This article is part of a series that will bring the latest genetic developments from the National Human Genome Research Institute to practicing nurses.
Have you read the science or medical section of a newspaper, journal, or online news source lately? Chances are, it includes an item about a new genetic discovery.
Five years ago, the typical genetics-related news story reported a discovery about a rare genetic disorder. Today, it’s more likely to reveal that scientists have found one or more genes contributing to a common complex disorder.
Has the genetics research community at long last recognized the importance of understanding the genetic bases of common diseases? No. The change in focus reflects the fact that researchers only recently developed tools that allow us to successfully study complex disorders—those, like prostate cancer, in which genes and the environment strongly interact. (See Genes and prostate cancer in PDF format by clicking the download now button.)
Several factors converged to bring us this information windfall, including the decreasing cost of DNA sequencing and completion of the International HapMap project, a tool for studying the human genome. Various genes and environmental factors influence the development of most common diseases, including cancer, diabetes, heart disease, and asthma. Finding the DNA sequence variants that contribute to common disease risk is crucial to understanding the complex causes of disease.
Taking the GWAS approach
Researchers can now look at statistical associations between disease status and large numbers of genetic variants across the genome in large numbers of people. Work that 5 years ago would have required tens of millions of dollars, several large laboratories, and years to complete now can be done by one laboratory group in less than 1 year for under $1 million.
This approach to learning about the genetics of common complex disorders is known as a genome-wide association study (GWAS). Properly applied, it can detect common genetic variants that contribute to small increases in disease risk in any one individual. Already, the scientific yield has been enormous and the end isn’t in sight.
How—and how quickly—will the data translate to clinical applications? At least one company has developed and plans to market a genetic test that predicts the risk of developing prostate cancer, based on a panel that includes five genetic markers. Numerous companies are targeting newly identified genes for rational drug design. Studies are underway to examine how testing patients with panels of genetic risk markers for multiple common diseases may improve patient care and determine how patients react to such testing.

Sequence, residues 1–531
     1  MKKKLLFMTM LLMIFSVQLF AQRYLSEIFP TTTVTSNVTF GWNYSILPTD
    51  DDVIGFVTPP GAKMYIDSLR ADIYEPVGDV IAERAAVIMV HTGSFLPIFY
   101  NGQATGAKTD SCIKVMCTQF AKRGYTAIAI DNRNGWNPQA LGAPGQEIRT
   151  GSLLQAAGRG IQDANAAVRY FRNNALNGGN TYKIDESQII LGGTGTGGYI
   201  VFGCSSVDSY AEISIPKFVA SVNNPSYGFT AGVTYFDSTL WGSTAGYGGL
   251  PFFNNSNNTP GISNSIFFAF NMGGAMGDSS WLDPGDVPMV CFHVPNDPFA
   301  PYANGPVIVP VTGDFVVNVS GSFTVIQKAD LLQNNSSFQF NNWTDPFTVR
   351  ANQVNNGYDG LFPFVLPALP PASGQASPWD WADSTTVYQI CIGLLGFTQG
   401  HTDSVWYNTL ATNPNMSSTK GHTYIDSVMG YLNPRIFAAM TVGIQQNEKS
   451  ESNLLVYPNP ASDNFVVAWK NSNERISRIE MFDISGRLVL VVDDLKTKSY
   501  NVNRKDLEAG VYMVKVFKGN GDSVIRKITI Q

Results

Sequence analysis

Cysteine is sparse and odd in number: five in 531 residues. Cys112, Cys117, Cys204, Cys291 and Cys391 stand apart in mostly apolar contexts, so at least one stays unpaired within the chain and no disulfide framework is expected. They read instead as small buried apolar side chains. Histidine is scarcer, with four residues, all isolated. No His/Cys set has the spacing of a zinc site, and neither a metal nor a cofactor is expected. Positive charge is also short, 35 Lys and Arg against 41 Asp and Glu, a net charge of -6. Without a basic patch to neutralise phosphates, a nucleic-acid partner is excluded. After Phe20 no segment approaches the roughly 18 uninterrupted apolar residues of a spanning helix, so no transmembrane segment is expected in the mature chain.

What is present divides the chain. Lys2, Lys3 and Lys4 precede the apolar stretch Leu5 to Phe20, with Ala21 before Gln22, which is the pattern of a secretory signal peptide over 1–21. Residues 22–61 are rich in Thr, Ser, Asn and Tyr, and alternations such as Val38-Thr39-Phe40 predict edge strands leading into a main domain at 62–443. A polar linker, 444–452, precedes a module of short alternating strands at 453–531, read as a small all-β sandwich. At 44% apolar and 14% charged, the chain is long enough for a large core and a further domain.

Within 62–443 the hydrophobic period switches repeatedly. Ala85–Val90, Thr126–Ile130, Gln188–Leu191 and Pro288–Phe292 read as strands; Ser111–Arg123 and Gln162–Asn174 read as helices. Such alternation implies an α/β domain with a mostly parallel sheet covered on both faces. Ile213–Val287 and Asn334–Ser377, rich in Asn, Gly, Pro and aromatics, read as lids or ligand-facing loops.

Nurses on the cutting edge
Can patients be tested today based on what we have learned from GWAS-type studies? Yes. Should such testing be done? That remains to be seen, as researchers haven’t determined if such information is useful in clinical practice. We don’t yet know if the tests are valid or whether knowledge of test results will influence patient healthcare practices. What’s apparent is that this tide of genetic information ultimately will strongly influence patient care—and nurses in primary care settings will be on the cutting edge.
American Cancer Society. Detailed guide: prostate cancer. www
.cancer.org/docroot/CRI/CRI_2_3x.asp?rnav=cridg&dt=36. Accessed October 17, 2008.
Eeles RA, Kote-Jarai Z, Giles GG, et al. Multiple newly identified loci associated with prostate cancer susceptibility. Nat Genet. 2008;40(3):316-321.
Gudmundsson J, Sulem P, Rafnar T, et al. Common sequence variants on 2p15 and Xp11.22 confer susceptibility to prostate cancer. Nat Genet. 2008;40(3):281-283.
National Cancer Institute. Prostate cancer. www.cancer.gov/cancertopics/types/prostate. Accessed October 17, 2008.
National Human Genome Research Institute. Genome-wide association studies. www.genome.gov/20019523. Accessed October 17, 2008.
Thomas G, Jacobs KB, Yeager M, et al. Multiple loci identified in a genome-wide association study of prostate cancer. Nat Genet. 2008;40(3):310-315.
Dale Halsey Lea is a Health Educator with the Education and Community Involvement Branch of the Genomic Healthcare Branch at the National Human Genome Research Institute in Bethesda, Maryland. Greg Feero is a Family Physician and Chief of the Genomic Healthcare Branch. Jean F. Jenkins is a Senior Clinical Advisor at the Genomic Healthcare Branch.